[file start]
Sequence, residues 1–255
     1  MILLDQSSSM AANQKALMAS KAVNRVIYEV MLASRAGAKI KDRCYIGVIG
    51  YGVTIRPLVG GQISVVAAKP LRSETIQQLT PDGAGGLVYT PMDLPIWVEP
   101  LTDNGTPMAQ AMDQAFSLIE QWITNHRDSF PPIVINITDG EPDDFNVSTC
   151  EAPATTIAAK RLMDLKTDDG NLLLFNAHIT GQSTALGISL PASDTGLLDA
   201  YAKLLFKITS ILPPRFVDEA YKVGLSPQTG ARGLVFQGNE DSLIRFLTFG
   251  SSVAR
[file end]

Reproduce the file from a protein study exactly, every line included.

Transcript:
Sequence, residues 1–255
     1  MILLDQSSSM AANQKALMAS KAVNRVIYEV MLASRAGAKI KDRCYIGVIG
    51  YGVTIRPLVG GQISVVAAKP LRSETIQQLT PDGAGGLVYT PMDLPIWVEP
   101  LTDNGTPMAQ AMDQAFSLIE QWITNHRDSF PPIVINITDG EPDDFNVSTC
   151  EAPATTIAAK RLMDLKTDDG NLLLFNAHIT GQSTALGISL PASDTGLLDA
   201  YAKLLFKITS ILPPRFVDEA YKVGLSPQTG ARGLVFQGNE DSLIRFLTFG
   251  SSVAR